The freedom to have enough
When the freedom from constraints has you feeling lost and unsure of how to act, take a moment to appreciate your freedom to pursue a new aim.
Nowadays we have access to immense computing power in our pockets, we have self-driving cars, and we are seeing deliveries being made by autonomous drones. Just 50 years ago, this sort of technology would have been solely confined to science fiction novels. Even if you are an average person living an average life anywhere in the West or in many emerging countries, you probably have a roof over your head, and you have enough to eat. You likely have a PC, tablet, or smartphone, along with internet access, to be able to read this.
The odds are, you’re reading this post because you’re part of the #watchfam – and as such, you have some disposable income to spend on mechanical watches which, I’m sure you’ll agree, are not essential to our survival at all. Indeed, many of the watches you might own, are worth enough money to feed a hungry homeless kid for a year. Eek!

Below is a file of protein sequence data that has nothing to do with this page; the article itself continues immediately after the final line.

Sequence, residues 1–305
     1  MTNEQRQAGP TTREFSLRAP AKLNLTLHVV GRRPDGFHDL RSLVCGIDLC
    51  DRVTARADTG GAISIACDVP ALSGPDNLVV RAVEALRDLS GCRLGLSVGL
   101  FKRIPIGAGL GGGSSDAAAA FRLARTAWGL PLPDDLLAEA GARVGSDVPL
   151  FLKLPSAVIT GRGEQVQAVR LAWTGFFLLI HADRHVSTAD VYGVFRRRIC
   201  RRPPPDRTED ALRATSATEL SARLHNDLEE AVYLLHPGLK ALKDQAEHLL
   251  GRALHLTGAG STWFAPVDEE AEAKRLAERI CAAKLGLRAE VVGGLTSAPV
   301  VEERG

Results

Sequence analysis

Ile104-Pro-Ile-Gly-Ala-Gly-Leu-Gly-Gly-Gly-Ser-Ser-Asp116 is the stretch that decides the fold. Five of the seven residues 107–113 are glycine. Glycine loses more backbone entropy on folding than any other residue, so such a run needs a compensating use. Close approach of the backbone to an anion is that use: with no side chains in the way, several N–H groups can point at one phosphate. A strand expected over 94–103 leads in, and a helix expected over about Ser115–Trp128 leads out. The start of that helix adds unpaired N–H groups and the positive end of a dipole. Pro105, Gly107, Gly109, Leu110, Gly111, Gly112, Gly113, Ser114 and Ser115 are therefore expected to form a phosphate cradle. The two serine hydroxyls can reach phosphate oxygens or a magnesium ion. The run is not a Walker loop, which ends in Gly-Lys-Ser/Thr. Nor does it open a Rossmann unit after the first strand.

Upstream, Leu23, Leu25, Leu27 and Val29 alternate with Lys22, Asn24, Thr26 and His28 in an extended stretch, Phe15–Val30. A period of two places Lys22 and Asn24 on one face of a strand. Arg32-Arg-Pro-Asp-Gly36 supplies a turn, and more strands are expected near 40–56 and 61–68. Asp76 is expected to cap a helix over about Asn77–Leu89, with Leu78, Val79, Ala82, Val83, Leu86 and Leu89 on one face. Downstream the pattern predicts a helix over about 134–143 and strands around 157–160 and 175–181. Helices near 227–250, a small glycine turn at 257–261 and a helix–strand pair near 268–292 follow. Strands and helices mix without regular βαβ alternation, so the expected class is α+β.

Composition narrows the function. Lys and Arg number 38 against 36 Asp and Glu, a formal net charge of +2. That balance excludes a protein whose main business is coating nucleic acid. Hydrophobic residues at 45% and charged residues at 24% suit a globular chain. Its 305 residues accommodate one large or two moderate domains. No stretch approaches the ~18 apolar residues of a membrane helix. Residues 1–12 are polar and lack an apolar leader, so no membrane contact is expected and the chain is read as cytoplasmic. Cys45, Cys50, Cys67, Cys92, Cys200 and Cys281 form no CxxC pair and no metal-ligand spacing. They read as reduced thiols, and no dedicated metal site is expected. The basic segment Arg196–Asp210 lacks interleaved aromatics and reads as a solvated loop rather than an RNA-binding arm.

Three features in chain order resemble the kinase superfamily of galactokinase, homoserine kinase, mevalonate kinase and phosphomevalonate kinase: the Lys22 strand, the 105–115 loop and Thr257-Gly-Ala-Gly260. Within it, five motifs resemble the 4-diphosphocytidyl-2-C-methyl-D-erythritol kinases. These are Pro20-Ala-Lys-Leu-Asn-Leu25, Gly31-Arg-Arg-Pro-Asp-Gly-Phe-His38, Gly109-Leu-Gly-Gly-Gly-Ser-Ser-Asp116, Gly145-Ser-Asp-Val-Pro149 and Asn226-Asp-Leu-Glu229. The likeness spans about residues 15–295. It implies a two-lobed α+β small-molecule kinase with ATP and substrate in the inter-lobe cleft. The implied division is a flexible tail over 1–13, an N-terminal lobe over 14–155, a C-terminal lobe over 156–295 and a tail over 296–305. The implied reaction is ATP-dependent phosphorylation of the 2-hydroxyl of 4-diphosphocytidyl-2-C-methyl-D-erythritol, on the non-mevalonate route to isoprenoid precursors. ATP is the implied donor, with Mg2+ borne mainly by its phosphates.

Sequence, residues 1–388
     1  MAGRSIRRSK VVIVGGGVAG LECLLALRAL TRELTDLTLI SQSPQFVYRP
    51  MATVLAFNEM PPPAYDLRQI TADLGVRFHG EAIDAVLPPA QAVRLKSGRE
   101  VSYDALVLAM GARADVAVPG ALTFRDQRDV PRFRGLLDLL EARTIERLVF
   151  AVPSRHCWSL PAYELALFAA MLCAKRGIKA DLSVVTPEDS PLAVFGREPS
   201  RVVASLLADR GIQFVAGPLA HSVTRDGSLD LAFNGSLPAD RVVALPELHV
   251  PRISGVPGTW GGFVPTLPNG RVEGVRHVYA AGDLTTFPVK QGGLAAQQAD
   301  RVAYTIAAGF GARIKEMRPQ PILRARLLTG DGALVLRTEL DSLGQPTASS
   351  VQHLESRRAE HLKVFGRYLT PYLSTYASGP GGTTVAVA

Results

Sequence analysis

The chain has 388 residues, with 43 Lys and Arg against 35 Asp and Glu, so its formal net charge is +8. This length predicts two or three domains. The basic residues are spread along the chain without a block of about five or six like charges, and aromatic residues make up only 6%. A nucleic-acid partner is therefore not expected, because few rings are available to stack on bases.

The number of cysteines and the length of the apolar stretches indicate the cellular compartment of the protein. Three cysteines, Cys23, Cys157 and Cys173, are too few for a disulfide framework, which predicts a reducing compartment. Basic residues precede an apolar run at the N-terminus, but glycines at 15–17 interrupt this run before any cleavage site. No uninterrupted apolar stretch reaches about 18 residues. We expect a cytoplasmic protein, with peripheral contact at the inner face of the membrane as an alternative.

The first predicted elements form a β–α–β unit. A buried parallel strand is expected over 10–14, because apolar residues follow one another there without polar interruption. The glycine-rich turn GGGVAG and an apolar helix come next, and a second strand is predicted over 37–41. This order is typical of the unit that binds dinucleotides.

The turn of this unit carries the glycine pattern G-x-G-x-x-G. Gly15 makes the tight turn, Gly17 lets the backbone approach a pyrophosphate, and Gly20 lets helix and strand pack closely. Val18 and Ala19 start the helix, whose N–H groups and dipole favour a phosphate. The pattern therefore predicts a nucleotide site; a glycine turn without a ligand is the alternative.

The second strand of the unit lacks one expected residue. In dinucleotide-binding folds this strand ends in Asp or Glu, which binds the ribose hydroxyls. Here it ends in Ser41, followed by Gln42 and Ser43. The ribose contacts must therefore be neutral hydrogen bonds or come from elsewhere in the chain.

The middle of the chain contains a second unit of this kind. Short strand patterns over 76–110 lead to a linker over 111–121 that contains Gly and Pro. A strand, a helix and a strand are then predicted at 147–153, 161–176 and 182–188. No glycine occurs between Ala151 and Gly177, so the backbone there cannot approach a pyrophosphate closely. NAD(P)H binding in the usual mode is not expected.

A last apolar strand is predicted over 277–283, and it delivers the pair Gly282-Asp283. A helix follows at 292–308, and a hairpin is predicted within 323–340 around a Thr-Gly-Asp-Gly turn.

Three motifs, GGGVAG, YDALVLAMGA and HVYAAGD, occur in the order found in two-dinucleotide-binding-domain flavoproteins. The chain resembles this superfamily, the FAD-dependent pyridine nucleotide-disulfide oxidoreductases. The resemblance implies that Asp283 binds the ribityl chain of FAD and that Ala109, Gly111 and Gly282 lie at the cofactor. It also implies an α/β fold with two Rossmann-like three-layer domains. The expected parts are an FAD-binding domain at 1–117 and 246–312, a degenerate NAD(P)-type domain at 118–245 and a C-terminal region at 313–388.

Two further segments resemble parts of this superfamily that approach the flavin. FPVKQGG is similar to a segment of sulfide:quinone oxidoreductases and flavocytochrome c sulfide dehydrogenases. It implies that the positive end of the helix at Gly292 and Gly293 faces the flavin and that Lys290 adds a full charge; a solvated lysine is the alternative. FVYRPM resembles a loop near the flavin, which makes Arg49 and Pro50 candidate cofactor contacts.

Despite that, are we ever content?
Often, we are not. Things don’t go our way. Someone is ‘plotting against us’. We really need this upcoming job promotion. We don’t have enough. We need a better watch, faster car, a bigger house, a more high profile job, to live in a better neighbourhood, or even… better weather. The reasons for discontent are limitless.
As Marcus Aurelius once said… you need very few things to be happy. An expensive watch or a cheap one, big house or a small one, a luxurious car or a simple one, expensive clothes or designer ones… these things all serve their basic purposes equally well.
The thing is, most of the time we aren’t unhappy because we have too little; rather, it is because someone else has more. I once discussed a study where people were surveyed, and asked about a certain level of pay they would be happy with… they chose a certain level which they would be happy with, but became unhappy when they learned that a colleague had settled on a higher number (I think it was the work of Dan Ariely, but I’ve forgotten the exact resource - sorry)!